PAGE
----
Blair considering summit with Gaddafi

Tony Blair has paved the way for a possible historic summit meeting in Libya with Colonel Muammar Gaddafi - drawing to an end more than two decades of international isolation for the north African leader.

Following talks in Downing Street with the Libyan foreign minister Abdul Rahman Mohammed Shalgam, Foreign Secretary Jack Straw said he hoped arrangements for a visit by the Prime Minister could be put in place "as soon as convenient".

The move follows hard on the heels of the dramatic announcement by Col Gaddafi on December 19 that he was prepared to give up his country's attempts to develop weapons of mass destruction (WMD).

Downing Street emphasised that any summit would depend on continued progress in dealing with a range of issues.

However, criticism was mounting over Mr Blair's possible visit, with families bereaved in the Lockerbie bombing claiming it showed ministers cared more about securing oil than justice.

The Prime Minister's official spokesman said: "We need to take this step by step. We have made considerable progress since December 19. We obviously want this progress continued.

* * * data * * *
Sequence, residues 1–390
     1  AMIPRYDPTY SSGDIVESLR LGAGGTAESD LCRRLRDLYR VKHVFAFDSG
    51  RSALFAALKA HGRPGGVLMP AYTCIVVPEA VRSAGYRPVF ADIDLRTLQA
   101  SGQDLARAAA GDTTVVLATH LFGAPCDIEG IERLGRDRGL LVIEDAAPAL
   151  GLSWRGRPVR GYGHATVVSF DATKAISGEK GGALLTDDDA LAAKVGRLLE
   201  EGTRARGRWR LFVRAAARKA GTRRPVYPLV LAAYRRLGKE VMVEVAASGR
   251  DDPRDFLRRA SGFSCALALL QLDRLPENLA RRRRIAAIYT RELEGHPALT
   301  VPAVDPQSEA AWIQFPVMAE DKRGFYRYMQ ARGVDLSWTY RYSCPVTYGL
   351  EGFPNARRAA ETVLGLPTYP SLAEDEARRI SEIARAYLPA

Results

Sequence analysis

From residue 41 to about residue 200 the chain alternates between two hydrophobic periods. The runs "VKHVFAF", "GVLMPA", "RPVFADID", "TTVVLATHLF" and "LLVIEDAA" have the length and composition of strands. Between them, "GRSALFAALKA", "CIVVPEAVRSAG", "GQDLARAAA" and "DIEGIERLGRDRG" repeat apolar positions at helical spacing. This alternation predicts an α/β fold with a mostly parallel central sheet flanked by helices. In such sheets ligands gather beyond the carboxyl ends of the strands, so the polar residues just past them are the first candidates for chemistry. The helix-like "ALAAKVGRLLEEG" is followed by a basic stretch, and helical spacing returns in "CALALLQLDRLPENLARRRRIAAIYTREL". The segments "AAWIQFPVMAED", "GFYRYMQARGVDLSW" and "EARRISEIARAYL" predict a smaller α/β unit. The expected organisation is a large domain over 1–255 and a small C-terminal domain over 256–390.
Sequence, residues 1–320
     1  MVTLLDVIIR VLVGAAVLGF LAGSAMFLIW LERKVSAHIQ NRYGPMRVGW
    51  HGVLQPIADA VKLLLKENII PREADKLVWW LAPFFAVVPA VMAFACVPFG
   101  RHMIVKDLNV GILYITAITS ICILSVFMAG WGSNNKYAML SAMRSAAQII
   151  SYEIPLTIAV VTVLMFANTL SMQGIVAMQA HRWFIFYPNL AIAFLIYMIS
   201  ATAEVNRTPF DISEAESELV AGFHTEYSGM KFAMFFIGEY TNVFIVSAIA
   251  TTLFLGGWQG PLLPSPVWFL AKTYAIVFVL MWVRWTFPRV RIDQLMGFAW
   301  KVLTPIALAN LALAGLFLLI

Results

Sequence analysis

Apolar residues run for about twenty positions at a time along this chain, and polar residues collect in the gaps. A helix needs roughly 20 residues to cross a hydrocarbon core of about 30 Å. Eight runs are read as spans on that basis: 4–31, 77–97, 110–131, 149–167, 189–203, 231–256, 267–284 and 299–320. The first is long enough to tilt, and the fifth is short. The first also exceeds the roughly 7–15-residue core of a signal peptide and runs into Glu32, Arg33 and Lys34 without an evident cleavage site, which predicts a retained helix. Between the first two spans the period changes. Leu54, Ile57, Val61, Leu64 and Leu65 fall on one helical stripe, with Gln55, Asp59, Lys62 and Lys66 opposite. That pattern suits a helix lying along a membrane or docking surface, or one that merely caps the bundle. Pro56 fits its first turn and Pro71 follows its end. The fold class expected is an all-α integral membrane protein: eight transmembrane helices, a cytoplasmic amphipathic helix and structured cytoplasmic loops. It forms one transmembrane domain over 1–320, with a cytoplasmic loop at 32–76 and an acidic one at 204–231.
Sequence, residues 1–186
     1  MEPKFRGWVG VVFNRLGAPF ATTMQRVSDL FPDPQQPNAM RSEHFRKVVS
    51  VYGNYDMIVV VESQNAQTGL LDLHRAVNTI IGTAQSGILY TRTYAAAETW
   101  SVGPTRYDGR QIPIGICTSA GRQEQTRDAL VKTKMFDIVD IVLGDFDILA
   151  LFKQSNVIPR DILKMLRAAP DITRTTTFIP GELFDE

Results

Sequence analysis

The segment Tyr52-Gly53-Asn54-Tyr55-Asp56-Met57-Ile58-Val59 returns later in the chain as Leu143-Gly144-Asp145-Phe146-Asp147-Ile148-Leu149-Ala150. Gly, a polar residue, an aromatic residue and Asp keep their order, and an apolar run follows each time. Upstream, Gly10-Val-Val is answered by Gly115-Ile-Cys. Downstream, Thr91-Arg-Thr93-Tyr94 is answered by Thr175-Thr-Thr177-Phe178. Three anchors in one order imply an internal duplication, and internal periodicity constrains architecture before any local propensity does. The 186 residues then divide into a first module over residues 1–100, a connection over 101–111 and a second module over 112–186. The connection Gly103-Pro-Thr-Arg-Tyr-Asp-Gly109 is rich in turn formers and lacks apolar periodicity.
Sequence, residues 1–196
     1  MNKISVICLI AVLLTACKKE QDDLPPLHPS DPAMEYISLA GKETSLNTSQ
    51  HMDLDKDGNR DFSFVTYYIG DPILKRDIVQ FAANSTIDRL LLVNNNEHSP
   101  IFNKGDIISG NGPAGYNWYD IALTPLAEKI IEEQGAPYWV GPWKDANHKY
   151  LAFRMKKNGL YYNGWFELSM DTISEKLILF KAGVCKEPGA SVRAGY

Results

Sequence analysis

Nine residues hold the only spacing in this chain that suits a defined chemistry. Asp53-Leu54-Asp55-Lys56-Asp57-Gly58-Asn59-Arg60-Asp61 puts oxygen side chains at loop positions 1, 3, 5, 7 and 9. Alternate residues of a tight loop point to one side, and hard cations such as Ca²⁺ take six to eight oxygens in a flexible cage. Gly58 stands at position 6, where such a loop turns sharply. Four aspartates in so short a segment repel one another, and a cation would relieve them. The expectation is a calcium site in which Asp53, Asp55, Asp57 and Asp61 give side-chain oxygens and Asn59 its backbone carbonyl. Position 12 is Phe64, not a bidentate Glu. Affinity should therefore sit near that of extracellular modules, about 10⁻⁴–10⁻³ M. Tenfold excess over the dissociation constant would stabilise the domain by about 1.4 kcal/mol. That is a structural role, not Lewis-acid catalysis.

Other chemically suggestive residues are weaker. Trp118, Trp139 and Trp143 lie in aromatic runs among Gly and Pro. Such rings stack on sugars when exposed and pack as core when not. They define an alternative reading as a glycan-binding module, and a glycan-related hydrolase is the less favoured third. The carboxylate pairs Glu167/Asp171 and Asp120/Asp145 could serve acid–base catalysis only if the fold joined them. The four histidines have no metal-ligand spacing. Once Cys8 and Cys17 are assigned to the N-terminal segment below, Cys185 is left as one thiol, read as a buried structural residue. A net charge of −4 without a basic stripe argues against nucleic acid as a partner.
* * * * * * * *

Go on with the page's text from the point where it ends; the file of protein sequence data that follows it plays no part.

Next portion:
"It is within that progress that the possibility of further visits can be considered."

As well as the views expressed by the families of the Lockerbie victims, rank-and-file police officers joined in the criticism, angry that no one had been held responsible for the murder of WPC Yvonne Fletcher, who was was shot dead in 1984 outside the Libyan embassy by a marksman who opened fire on protesting Libyan dissidents.

At a joint news conference with Mr Shalgam, held in the gilded splendour of the Locarno Room in the Foreign Office, Mr Straw acknowledged that there were still outstanding issues between the two countries.

However, he said they now wanted to establish a "fruitful and mutually beneficial relationship" and that both the Middle East and the wider world would gain from Libya's "re-integration" into the international mainstream.

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